EM: What’s the reason behind the The Age of Reason album name?
G: Pretty much, it comes from a George Carlin saying when he says "Catholic, which I was until I reached the Age of Reason.” And I'm a huge believer in the Age of Reason; in the idea of it that there's a specific moment in every human being's life, well not everyone, but most of us hopefully, where you just reach the Age of Reason and you realize that no one really has any answer to real life and that everyone is just winging it and you have to do the same. When you realize that all this religion and bullshit that is fed to you is just designed to keep you trapped in the system, you know.
Some people reach the Age of Reason at an early age, some people reach it later and some people never do. I think that most of us never do because otherwise the system wouldn’t still be there. If the day comes and everybody is reaching the Age of Reason, then the whole world would fucking crumble because everything is designed right now for them to feed off the majority.
That’s the whole idea behind this, you know. And the album cover actually represents the Wardenclyffe Tower built in 1917 in Long Island. And that was actually Tesla's plan to give everyone an antenna to get free energy. That tower, if it wasn't shut down, would give free energy to everyone and you could power anything. I've been a huge Tesla fan since I was a kid (laughing).
EM: We know hip-hop has clearly had an impact on your life. Can you tell us some of the artists you grew up on or any that are inspiring you now?
G: My first hip-hop album was 36 Chambers (by Wu-Tang Clan) and that’s how I got my start. Then it was Tupac and Doggy Style. Those were the first three albums I had that introduced me to hip-hop. And than of course after came The Chronic and Dr. Dre. I prefer lyricists like Mos Def and Kweli, but I still love the West Coast hip-hop totally because the production is good.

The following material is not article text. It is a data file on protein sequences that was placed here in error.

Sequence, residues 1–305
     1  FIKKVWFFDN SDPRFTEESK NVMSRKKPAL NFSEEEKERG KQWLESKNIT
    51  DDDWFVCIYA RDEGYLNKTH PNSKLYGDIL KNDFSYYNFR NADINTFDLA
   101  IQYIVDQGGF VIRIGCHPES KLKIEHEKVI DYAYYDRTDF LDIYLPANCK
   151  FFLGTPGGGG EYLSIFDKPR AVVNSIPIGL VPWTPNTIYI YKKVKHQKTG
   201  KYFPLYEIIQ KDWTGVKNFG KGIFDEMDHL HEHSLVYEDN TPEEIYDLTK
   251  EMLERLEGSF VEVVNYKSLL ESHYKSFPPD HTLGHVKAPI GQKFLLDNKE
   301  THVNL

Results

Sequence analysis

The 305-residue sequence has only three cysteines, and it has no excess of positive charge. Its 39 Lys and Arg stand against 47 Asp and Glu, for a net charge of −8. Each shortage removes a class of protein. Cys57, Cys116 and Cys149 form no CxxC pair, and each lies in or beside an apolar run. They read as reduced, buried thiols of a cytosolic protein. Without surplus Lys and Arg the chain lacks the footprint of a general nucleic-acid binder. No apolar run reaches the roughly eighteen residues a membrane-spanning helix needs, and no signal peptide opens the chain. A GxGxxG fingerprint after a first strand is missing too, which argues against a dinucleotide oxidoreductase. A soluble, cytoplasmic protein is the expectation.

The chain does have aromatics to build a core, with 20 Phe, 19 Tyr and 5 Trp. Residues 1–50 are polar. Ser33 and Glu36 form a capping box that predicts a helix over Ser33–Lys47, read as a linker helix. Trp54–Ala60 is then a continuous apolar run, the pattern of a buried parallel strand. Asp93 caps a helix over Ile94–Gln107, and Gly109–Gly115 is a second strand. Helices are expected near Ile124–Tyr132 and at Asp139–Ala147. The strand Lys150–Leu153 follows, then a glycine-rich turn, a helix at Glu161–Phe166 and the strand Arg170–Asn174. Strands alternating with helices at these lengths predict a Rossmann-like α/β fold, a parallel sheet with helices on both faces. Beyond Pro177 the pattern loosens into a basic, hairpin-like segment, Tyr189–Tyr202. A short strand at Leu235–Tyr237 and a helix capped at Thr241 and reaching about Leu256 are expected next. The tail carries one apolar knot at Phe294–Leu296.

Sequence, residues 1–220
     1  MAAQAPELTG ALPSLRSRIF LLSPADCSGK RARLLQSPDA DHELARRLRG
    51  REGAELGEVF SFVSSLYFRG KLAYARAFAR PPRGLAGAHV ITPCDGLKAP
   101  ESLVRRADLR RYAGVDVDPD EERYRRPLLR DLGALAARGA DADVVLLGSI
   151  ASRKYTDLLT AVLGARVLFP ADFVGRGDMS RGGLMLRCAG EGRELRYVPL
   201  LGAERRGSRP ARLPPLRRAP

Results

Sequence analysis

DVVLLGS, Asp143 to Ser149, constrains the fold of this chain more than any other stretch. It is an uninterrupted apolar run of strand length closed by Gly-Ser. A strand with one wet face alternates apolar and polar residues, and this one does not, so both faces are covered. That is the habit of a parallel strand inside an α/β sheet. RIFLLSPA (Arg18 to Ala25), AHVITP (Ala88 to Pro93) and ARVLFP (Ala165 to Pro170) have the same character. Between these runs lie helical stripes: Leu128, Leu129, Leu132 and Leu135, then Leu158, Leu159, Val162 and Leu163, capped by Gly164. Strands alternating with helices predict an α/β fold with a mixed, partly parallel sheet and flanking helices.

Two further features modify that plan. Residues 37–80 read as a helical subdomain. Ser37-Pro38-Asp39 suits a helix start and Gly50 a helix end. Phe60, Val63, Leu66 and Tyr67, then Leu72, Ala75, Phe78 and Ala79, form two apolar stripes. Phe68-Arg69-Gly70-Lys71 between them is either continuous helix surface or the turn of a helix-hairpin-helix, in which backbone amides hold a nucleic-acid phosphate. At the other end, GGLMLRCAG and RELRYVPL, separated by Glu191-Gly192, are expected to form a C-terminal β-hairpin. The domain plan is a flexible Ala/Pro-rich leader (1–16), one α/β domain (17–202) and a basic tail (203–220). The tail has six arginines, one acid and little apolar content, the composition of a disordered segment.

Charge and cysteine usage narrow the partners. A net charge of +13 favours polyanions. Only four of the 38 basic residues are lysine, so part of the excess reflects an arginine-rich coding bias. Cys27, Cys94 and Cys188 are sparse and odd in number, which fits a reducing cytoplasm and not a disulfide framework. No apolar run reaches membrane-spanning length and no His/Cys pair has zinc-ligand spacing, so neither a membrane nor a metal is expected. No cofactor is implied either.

EM: What do you think of Kendrick Lamar?
G: His stuff is sick and very fresh. Although I haven't listened to his new stuff that much so far, the couple songs I have heard have been pretty cool. To be honest, I haven't listened to too much new hip-hop as of late, I've been out of it. I’ve been listening to a lot of instrumental and old blues, like Muddy Water.
EM: If you could live in a different decade which one would it be?
G: Hmm, that's a good question. I don't know, but I think like music-wise the 60s would be the shit. It's when everything was happening, the invention of pretty much all the genres that I sample. My music nowadays really comes from sounds that came about during the 60s. That'd be a pretty cool time to make music because it was so real and organic. If you wanted to have a hit single, it had to be something with substance. It couldn't just be just a stupid dumb song and have no meaning. Like back in the day the song had to have a meaning to be a number 1 single. Now it’s like the complete opposite. It's like the dumber the song the better it does on Billboard.
EM: If you had your own festival lineup who would you have headline? Artist can be dead or alive.
G: Um, that's a hard question... I mean, I don't know. If it were dead or alive, then I'd resurrect all the legends. John Lennon, Jim Morrison, and even Tupac, you know.
EM: Can you tell us a little bit more about Grizmatik? How you two linked up and what can we expect in the future?